Wealth in America | Oct. 3
Nothing to be proud of
If you knew of a country where 20 percent of the people owned more than 84 percent of the wealth, would you think it was a Latin American dictatorship?
If you found that a single country accounted for a full quarter of the world's prisoners, would you think of Asian communists?
Well, thanks to the Times, we know the correct answer to both questions is us: the United States. Does that make you proud?
Since Ronald Reagan promised us a new dawn in 1980, our national income and wealth have been concentrated in fewer and fewer hands. Now we find that those few individuals want to use their wealth to purchase political power. Through advertising and the unfettered influence of certain corporate media, and hiding behind noble phrases like "free trade" and "private enterprise," they sell us a more sinister agenda.
Unregulated, these economic theories lead to consolidation of wealth and oligarchy — political rule by a small economic elite. Under these slogans they have given us outsourcing, inflated executive pay and an unprecedented financial crisis.
Consider these facts when you see the supposedly populist tea party with their slick slogans. Ask yourself who brewed it before you drink that tea.
Gregg Niemi, Tampa
Equal opportunity doesn't mean equality of result
If the top 20 percent of Americans own 84 percent of the wealth, so what!
Our American capitalist economy is the envy of the world, as evidenced by the numbers of foreigners who come here to live instead of going to socialist Europe or elsewhere. Whether they know it or not, both Americans and immigrants — legal or illegal — believe in our system of equal opportunity, not a government-mandated "equitable result" or "equality of result."
Entrepreneurs — whether a small business professional like myself with a few employees, or an investor with millions to start a company with hundreds or thousands of employees — make America the economic powerhouse of the world. If, after paying all the taxes, fees and costs, we have more of the wealth, it is because we created it with our energy and intelligence, paying employees and buying goods and services along the way.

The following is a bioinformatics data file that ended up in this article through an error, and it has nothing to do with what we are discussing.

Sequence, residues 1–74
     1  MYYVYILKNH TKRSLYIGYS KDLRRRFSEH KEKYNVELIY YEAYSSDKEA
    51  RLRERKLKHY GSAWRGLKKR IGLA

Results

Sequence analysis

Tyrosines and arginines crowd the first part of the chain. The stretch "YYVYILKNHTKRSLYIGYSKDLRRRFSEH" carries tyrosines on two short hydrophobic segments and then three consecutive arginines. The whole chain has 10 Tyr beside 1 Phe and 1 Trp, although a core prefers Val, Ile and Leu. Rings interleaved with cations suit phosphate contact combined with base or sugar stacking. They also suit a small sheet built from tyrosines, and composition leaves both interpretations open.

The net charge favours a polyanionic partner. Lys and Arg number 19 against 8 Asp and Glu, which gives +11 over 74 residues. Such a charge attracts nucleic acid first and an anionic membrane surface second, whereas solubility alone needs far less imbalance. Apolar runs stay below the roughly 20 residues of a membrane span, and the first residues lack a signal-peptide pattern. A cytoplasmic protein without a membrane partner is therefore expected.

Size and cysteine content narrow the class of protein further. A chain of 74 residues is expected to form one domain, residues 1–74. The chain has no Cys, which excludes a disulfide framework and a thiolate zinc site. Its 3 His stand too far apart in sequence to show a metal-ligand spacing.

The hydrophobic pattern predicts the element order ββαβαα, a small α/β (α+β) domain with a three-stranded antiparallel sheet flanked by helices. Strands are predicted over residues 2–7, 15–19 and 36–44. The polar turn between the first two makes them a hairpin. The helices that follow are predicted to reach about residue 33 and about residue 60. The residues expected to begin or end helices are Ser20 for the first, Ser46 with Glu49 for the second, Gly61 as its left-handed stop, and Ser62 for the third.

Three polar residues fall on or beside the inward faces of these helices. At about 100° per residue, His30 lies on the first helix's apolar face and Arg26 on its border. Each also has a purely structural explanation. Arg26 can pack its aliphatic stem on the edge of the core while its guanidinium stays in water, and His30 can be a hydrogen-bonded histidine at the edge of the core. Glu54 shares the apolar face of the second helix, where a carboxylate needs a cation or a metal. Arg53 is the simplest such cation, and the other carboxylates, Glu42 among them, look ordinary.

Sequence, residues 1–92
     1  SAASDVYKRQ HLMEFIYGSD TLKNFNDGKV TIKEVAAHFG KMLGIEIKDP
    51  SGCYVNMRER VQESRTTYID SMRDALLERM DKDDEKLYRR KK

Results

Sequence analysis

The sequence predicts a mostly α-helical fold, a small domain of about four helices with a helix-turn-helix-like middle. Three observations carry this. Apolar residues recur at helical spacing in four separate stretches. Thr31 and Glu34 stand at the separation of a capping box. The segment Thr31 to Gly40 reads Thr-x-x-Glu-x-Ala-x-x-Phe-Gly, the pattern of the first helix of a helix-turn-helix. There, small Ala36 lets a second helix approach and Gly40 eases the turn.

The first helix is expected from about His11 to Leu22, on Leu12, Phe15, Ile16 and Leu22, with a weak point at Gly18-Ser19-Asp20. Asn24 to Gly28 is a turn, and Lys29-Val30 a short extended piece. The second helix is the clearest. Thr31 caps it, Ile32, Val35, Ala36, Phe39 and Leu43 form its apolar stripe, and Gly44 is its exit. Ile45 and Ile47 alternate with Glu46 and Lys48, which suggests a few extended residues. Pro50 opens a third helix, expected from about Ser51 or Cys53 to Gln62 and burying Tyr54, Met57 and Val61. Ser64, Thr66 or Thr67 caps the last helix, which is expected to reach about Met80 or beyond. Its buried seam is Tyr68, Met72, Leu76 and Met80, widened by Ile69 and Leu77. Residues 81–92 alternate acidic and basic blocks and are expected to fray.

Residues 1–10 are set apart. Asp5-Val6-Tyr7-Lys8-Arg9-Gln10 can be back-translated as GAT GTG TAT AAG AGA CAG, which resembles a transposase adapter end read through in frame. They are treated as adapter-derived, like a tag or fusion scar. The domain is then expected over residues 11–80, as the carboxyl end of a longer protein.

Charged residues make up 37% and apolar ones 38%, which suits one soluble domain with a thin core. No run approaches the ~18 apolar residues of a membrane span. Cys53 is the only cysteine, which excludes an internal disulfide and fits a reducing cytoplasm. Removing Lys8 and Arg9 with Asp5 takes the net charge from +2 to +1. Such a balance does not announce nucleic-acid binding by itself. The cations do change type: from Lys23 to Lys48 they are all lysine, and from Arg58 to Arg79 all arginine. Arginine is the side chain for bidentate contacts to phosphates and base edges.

Daniel P. Carter, Seminole
The lead story in Perspective should be enough for anyone to sit up and take notice of the concentration of wealth in this country. Such a concentration has a pernicious and corrosive effect on our democracy.
One wealthy individual can have the same political clout as 100,000 ordinary citizens. If the tea party was really concerned about smaller government and more freedom, it would promote a more progressive tax structure. But somehow I suspect it will support big-money interests, which will continue to manipulate our system.
It ought to be one of the primary goals of government, and Teddy Roosevelt recognized this with his trust-busting, to break up growing economic power so that its influence doesn't grow to the point where it controls government. Strong antitrust laws that are enforced and progressive taxes are but two ways we can have a more just and equitable democracy.
Mark Brandt, Dunedin
Don't punish the prudent
While your article on wealth indicates that most Americans want a fairer distribution of wealth, they are loath to push the government to make it happen.
I understand this dilemma. If my brother and I make the same income for 35 years and he spends lavishly on large homes, fancy cars and indulges his every whim, while I live modestly and invest my money in 401(k)s, IRAs and other investments, I will retire wealthy and he will retire poor. What would be the fairest way for the government to redistribute my wealth to my brother?
It seems to me redistribution of wealth punishes those who do the right thing and rewards those who do the wrong thing. As a nation we want our children to work hard, save and invest for their future. But to encourage this good behavior and then ask the government to redistribute it to those who demonstrate irresponsible behavior is an exercise in cognitive dissonance.
Wealth should be the reward for individual responsibility, not a function of government readjustment.
Tryg Johnson, Largo
A simplistic view
The article on wealth dangerously portrays a very simplistic economic view: that there is only so much wealth to go around and what one person gains must be at the expense of another person. This zero-sum view is good for inciting class warfare but horrible for representing reality.
What the article fails to show is that these pie charts can grow larger. One nation's pie can be larger than another's and, best of all, every pie can continue to grow.
Dante DelGrosso, St. Petersburg
I have been studying the distribution of wealth in the United States and found Sunday's article very stimulating. With 80 percent of us dividing only 16 percent of the wealth, no wonder I still live with my mother!
Jennifer Stekol, Clearwater